medical waiver


10-Year Member
Jan 16, 2007
My son is a candidate for the class of 2011. He received his nomination and the
application process has been coming along beautifully until recently. We
received a letter from DODMERB deciding that my son did not meet the medical
standards due to asthma related conditions. However he has never had asthma,
nor has he ever been diagnosed with asthma. He had an anaphylactic episode
three years ago while running cross country. After extensive testing, the cause
was never determined. The allergist/asthma specialist at his pediatrician's
office had examined him during this time and inaccurately documented "
exercise-induced bronchospasm" in his medical chart. These key words proved to
be very damaging. In our rebuttal process his pediatrician wrote an extensive
letter documenting our sons medical history and participation in a very
demanding high school sports program, all without ever being diagnosed or
treated for asthma. He concluded that had our son had asthma he would!
have been able to reach his current level of fitness untreated. The allergist/asthma specialist also
wrote a letter admitting his grave errors in his documentation. Still the
rebuttal was denied based on what DODMERB considered "facts" in his medical
This morning my son had a methocoline test performed at the local university
hospital. This test attempts to induce asthma in the patient. His results were
negative, concluding he does not have asthma. We will be forwarding the oficial
results to DODMERB and the USMA admissions office as proof of our son NOT having
asthma. Because he is a competitive candidate in all of the other areas, we are
hoping a medical waiver will be granted. Unfortunately time is of the essence
now as LOA's are being issued.
Has anyone else had to deal with a similar matter, and if so what would your
recommendation be in most effectively handling this?
Bump. Didn't want this one to get lost since it is a very good scenario and question. Would like to know Ret's views myself.

KBowman, the class won't be filled out until the first of May. Time is always of the essence, but if your son is qualified, he will get a fair look.

DoDMERB is black and white. If there is a medical diagnosis of asthma/reactive airway disease/exercise-induced bronchospasm at any time after the age of 13, DoDMERB has to issue the disqualification. If the rebuttal letter included the physicians thoughts that it might have been an anaphylactic reaction, then DoDMERB took the lesser of two evils and kept the asthma disqualification in place, rather than adding a disqualification for anaphylaxis.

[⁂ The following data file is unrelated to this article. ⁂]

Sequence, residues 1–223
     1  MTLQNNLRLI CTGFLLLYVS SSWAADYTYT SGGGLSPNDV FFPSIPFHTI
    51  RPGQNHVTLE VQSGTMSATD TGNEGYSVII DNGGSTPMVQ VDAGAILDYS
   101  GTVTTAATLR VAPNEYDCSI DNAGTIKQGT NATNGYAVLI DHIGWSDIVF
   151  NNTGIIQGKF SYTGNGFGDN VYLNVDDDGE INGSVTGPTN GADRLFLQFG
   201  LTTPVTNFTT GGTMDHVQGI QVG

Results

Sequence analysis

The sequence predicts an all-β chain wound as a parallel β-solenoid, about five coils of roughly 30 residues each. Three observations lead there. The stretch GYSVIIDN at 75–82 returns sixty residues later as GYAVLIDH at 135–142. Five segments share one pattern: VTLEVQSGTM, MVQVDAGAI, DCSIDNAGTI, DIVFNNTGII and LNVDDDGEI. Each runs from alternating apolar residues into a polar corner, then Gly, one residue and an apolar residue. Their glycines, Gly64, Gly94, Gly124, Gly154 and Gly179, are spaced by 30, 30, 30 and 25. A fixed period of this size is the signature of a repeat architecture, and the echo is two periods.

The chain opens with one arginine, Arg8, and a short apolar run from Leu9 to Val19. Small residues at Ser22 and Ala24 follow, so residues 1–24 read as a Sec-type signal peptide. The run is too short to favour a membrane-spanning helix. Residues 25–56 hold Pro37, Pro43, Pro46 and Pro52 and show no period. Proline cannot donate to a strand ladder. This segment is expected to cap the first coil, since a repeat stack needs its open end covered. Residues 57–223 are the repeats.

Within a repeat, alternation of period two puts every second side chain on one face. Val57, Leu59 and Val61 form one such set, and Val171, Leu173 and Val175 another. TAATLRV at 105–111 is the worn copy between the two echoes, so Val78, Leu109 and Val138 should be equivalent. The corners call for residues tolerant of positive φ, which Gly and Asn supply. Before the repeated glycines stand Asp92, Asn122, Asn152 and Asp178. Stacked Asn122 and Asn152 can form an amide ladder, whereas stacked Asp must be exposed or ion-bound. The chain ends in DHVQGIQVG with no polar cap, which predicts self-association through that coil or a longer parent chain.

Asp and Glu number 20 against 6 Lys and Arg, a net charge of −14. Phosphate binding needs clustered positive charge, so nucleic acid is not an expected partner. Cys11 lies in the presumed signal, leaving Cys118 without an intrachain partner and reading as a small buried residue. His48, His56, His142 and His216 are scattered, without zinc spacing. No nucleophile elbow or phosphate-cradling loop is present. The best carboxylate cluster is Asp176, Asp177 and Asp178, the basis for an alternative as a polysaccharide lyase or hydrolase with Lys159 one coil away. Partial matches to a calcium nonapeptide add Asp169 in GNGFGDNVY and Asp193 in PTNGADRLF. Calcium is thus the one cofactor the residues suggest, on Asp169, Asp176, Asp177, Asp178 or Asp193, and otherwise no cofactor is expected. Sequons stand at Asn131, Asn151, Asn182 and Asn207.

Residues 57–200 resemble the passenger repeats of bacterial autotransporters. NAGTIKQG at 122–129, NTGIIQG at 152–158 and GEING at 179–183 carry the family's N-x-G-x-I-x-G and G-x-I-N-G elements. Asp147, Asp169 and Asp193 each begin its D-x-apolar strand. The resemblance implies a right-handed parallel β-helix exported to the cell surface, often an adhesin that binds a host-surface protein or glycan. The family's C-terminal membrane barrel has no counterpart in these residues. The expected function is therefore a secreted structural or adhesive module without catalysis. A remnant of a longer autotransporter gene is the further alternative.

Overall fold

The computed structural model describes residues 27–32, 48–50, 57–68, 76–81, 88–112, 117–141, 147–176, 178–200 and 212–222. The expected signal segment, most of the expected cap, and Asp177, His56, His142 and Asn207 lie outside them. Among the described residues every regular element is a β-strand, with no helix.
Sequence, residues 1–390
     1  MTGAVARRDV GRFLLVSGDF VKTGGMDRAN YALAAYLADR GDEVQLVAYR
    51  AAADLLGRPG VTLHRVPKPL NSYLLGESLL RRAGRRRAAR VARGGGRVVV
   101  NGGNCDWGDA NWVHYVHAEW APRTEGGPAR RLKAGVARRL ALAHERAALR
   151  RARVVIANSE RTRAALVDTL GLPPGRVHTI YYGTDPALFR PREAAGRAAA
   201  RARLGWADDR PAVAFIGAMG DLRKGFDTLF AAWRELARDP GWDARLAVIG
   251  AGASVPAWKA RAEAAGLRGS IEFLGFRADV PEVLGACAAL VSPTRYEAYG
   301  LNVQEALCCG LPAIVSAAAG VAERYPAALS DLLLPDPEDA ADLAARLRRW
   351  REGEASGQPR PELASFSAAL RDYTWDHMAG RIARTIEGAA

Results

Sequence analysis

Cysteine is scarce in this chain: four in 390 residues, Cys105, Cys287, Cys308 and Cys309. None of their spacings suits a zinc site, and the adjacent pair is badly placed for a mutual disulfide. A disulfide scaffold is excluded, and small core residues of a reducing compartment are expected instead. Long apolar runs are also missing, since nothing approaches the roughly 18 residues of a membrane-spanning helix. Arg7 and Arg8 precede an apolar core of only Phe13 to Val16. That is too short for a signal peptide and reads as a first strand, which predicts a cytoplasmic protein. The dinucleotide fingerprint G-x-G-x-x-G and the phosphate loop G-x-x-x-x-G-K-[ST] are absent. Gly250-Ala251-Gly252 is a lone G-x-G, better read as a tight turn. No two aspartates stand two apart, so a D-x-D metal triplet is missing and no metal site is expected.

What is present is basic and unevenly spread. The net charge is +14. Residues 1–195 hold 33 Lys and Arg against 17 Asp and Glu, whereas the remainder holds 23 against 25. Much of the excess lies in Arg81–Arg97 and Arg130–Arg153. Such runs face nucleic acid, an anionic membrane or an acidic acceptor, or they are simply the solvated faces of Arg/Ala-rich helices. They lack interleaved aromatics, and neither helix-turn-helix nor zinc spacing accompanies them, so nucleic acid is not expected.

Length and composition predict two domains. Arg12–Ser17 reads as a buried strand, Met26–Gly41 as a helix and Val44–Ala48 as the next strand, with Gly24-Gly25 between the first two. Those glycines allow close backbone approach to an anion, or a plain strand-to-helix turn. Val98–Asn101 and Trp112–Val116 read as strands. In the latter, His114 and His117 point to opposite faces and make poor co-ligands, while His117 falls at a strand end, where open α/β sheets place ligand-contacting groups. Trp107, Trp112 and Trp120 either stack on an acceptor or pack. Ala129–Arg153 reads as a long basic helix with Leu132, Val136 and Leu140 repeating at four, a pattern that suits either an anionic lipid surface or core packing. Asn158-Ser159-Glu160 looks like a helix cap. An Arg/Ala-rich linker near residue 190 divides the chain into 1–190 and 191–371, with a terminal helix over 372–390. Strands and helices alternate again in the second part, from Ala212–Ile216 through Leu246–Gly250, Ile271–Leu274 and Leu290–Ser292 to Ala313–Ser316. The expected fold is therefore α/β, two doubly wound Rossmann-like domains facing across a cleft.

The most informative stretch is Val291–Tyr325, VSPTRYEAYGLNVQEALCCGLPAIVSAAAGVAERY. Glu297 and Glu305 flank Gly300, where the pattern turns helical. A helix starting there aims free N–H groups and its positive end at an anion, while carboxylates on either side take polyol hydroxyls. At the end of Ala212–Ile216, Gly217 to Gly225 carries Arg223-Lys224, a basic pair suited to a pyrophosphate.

I don't know if the waiver authority requested the methacholine challenge test (MCCT) or not, as you didn't state that in your post. If they did not request it, I think you went a couple of steps to far. In the majority of cases where an applicant has been disqualified for asthma/reactive airway disease/exercise-induced bronchospasm and the medical records support that it might have been an isolated incident the waiver authorities will grant a waiver based solely on the medical records. If there isn't enough information in the medical records for the wavier authorities to make a determination, then they would request a pre/post-bronchodilator pulmonary function test before going for the MCCT.

Unfortunately the MCCT probably won't change the disqualification from a DoDMERB standpoint, or DoDMERB will remove the asthma disqualification and add a disqualification for anaphylaxis. This is going to be an issue that the waiver authority will have to make a determination, no matter which disqualification is on the file.

In this case I would have suggested that besides the letter from the physician, include a letter from the applicant explaining what happened in his words, and how it affects him currently, as well as what activities he participates currently. If DoDMERB is unable to remove the disqualification all information is automatically forwarded to the wavier authorities.

Since you have the MCCT I would send it to DoDMERB, they will review, and if the DoDMERB physician is unable to remove the disqualification it will automatically be forwarded to the wavier authority. I would not send a copy to admissions. All they will do is forward it to DoDMERB.

The wavier process can take up to 8 weeks, but the majority take less than 6 weeks. It is still early in the year so time is in your favor.